YouTube Admits Error in Removing Video of GOP Lawmaker Criticizing Russian Vaccines

By Jack Phillips
Jack Phillips
Jack Phillips
Breaking News Reporter
Jack Phillips is a breaking news reporter at The Epoch Times based in New York.
November 11, 2021 Updated: November 11, 2021

YouTube confirmed it acted incorrectly when it removed a video of a speech by Rep. Darrell Issa (R-Calif.) when he disparaged Russia’s Sputnik V vaccine rollout.

“We sometimes make mistakes, and when flagged we work as quickly as possible to address it,” YouTube said in a statement to the Washington Times on Wednesday. The Epoch Times has contacted the Google-owned company for comment.

YouTube did not elaborate on why the video of Issa was removed. The California lawmaker’s speech was given at the EDGE 2021 conference in July.

In Twitter earlier this month, Issa decried YouTube for allegedly censoring his comments at the conference.

“In my now-censored speech, I pointed out that Russia’s vaccine program was inferior to Operation Warp Speed,” said Issa on Twitter, referring to the Trump administration’s program to assist in the development and rollout of COVID-19 vaccines in the United States.

Issa asserted that Moscow “repeatedly exaggerated their vaccine’s effectiveness every time another country launched a better one. Is any free speech on vaccines allowed?”

“The speech was about data and was a very nonpartisan speech. … I used the analogy that just like the original Sputnik, when the Russians were first and we were better, they came out with their vaccine first but ours was better,” Issa told Fox News earlier this week about the speech, noting that media outlets have repeatedly reported that the U.S. vaccine program was superior to Russia’s program.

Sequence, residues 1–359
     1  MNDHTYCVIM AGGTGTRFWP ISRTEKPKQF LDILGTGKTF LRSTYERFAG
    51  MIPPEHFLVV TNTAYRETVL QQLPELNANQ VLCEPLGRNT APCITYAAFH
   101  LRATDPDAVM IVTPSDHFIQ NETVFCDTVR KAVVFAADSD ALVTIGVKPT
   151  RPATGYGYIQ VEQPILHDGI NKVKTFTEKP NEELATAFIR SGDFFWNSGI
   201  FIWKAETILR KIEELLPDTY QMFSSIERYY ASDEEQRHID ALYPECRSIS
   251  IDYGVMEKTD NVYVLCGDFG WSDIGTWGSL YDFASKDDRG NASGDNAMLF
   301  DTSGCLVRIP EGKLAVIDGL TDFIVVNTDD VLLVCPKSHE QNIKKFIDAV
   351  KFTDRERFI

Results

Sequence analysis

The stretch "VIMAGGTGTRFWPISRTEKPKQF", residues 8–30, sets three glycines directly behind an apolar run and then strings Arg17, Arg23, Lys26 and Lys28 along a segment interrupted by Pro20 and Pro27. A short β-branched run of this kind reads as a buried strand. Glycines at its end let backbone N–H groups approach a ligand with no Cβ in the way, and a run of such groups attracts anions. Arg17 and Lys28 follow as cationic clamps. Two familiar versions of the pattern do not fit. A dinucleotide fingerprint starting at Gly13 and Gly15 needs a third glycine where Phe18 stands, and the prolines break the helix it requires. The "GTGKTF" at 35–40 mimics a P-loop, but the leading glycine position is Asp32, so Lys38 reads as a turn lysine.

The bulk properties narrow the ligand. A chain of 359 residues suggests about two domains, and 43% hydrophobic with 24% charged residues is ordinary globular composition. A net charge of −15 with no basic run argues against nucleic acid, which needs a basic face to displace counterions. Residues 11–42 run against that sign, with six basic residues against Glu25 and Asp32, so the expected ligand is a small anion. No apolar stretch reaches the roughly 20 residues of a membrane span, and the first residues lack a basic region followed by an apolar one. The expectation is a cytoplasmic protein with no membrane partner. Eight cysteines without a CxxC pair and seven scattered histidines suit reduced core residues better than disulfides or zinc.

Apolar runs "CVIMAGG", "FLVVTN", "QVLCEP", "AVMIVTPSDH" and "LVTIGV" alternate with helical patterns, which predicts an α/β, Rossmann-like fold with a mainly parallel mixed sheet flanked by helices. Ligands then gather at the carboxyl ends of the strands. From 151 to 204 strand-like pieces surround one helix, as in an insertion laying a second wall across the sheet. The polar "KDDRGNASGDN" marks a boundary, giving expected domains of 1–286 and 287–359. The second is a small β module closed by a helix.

“They don’t take down the [The Associated Press], they don’t take down the [New York Times], but they will take down Darrell Issa for a completely benign statement that our product was better,” he added to Fox News.

Referring to his speech, Issa alleged that YouTube is “sort of calling me a vaccine-denier when I’m talking about our product being better than a product from a country that didn’t have third-party review is a pretty amazing level of scrutiny.”

“I think it shows just how much they’re making decisions based on who says something, not what they say,” he argued, according to Fox.

YouTube, like other Big Tech platforms, uses a combination of algorithms, programs, artificial intelligence, and humans to enforce rules around content. Conservatives have long accused YouTube of having a partisan slant, although the San Bruno, California-based company has repeatedly said its systems are designed to prevent bias.

“We have policies and systems in place to ensure that the engagement on YouTube is authentic, and remove any fraudulent metrics,” a YouTube spokesperson told The Epoch Times via email in April 2021.

On Wednesday, YouTube announced that it would hide the “dislike” counts on videos, spurring more accusations of censorship.

“We also heard directly from smaller creators and those just getting started that they are unfairly targeted by this behavior—and our experiment confirmed that this does occur at a higher proportion on smaller channels,” YouTube said in a blog post about the change.

Jack Phillips
Breaking News Reporter
Jack Phillips is a breaking news reporter at The Epoch Times based in New York.